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A point P is selected anywhere inside an equilateral triangle. What can you say about the sum of the perpendicular distances from P to the sides of the triangle? Can you prove your conjecture?

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Fitting In

The largest square which fits into a circle is ABCD and EFGH is a square with G and H on the line CD and E and F on the circumference of the circle. Show that AB = 5EF. Similarly the largest equilateral triangle which fits into a circle is LMN and PQR is an equilateral triangle with P and Q on the line LM and R on the circumference of the circle. Show that LM = 3PQ

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No Right Angle Here

Prove that the internal angle bisectors of a triangle will never be perpendicular to each other.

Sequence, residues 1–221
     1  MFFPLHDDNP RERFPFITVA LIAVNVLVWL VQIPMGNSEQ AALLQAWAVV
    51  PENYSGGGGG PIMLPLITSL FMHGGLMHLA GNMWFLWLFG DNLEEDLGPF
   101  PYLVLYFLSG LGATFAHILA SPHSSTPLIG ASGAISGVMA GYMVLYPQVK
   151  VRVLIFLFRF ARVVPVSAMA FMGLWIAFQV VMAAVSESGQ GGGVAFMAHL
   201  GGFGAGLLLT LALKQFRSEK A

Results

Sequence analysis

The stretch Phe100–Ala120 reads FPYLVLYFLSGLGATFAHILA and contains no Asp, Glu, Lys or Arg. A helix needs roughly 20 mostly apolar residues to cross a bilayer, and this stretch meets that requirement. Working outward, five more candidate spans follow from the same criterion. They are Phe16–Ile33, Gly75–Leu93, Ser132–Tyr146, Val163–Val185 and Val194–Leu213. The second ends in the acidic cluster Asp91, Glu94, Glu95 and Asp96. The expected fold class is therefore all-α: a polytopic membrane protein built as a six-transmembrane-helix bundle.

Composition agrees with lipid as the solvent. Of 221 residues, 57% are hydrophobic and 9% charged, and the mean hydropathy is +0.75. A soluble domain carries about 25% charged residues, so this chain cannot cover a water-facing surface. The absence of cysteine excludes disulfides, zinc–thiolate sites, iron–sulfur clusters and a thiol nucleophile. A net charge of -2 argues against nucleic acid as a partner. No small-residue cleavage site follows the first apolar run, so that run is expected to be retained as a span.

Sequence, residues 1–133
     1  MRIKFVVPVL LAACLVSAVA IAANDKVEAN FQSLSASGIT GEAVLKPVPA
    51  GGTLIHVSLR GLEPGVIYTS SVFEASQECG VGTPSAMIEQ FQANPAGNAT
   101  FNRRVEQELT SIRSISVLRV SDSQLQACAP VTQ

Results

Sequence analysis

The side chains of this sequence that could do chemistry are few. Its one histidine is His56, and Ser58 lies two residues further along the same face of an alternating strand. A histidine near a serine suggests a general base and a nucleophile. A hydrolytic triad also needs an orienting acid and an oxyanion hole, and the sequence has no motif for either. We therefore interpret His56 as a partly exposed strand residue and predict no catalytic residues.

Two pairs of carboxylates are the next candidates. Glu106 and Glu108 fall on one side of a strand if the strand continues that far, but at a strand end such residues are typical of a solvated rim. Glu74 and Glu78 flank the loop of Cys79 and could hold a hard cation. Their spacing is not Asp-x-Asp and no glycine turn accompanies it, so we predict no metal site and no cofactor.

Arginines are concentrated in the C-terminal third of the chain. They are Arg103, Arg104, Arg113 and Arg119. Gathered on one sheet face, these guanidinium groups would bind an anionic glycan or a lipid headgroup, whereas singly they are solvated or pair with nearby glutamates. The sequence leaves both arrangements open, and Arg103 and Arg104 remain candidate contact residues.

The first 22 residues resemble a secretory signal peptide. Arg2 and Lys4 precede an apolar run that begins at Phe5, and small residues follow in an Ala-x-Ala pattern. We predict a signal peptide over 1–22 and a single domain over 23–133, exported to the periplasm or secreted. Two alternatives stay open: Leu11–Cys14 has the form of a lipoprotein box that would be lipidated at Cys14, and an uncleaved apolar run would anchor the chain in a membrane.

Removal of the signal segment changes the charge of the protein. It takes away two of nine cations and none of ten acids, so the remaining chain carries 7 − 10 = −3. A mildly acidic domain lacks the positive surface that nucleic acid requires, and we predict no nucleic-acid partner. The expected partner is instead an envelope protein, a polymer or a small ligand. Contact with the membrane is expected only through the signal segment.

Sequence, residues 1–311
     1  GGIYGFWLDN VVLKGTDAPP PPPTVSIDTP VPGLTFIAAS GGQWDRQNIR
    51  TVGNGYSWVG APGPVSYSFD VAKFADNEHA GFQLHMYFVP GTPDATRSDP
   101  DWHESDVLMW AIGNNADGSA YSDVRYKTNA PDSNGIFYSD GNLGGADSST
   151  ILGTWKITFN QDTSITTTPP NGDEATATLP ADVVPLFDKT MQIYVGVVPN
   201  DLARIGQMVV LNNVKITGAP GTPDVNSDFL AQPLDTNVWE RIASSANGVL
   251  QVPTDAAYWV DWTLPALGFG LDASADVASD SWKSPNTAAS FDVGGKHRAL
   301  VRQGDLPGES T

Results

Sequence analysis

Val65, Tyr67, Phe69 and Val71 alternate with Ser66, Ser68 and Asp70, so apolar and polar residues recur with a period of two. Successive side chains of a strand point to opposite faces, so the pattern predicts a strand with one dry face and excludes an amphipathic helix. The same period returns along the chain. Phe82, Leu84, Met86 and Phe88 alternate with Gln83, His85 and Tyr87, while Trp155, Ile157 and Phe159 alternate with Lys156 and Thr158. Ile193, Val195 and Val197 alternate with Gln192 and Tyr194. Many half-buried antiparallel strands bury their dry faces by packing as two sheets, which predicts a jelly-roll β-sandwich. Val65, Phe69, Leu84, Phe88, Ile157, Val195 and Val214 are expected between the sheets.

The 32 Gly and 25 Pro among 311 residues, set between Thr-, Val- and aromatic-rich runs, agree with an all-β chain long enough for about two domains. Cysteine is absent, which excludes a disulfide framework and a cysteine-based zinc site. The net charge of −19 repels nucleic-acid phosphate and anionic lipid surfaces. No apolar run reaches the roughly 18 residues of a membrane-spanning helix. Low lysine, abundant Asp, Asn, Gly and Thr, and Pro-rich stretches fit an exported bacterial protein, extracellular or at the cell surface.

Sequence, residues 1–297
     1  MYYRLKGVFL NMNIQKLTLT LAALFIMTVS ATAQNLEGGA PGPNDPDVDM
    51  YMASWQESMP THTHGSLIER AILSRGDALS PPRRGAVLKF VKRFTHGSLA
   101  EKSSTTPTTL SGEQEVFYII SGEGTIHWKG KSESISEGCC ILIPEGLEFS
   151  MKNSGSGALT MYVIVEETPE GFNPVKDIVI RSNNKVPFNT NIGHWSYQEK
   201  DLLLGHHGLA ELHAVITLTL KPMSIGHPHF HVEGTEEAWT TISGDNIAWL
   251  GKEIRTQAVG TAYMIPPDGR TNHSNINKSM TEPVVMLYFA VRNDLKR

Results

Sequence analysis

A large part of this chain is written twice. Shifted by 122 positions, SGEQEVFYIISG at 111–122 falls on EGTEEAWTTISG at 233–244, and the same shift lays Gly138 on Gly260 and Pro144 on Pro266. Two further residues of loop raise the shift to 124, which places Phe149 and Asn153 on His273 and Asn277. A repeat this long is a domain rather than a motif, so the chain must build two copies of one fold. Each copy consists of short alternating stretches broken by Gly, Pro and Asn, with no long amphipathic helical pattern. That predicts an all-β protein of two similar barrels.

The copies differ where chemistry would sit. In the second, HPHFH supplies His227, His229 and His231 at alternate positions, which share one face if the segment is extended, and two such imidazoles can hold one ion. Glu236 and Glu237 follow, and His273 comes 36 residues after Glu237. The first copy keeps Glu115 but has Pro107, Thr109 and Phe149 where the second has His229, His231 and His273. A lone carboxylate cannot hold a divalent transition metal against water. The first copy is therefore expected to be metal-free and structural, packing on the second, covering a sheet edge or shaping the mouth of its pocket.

Altitude Inequalities

Stage: 4 Short Challenge Level: Challenge Level:3 Challenge Level:3 Challenge Level:3

Let the sides of triangle $T$ have lengths $a$, $b$ and $c$ and the corresponding altitudes have lengths $H_a$, $H_b$ and $H_c$.

By the triangle inequality, we have $a+b > c$, $b+c > a$ and $c+a > b$ and so $a+b+c > 2c$, $a+b+c > 2a$ and $a+b+c > 2b$.

Also, since $T$ has area $1$, we have $\frac{1}{2}aH_a=1$, $\frac{1}{2}bH_b=1$ and $\frac{1}{2}cH_c=1$ and so $aH_a=2$, $bH_b=2$ and $cH_c=2$. $$M=(a+b+c)(H_a+H_b+H_c)=(a+b+c)H_a+(a+b+c)H_b+(a+b+c)H_c$$ $$ > 2aH_a+2bH_b+2cH_c=4+4+4=12$$ so $M> 12$ and hence statement E is false.

This problem is taken from the UKMT Mathematical Challenges.

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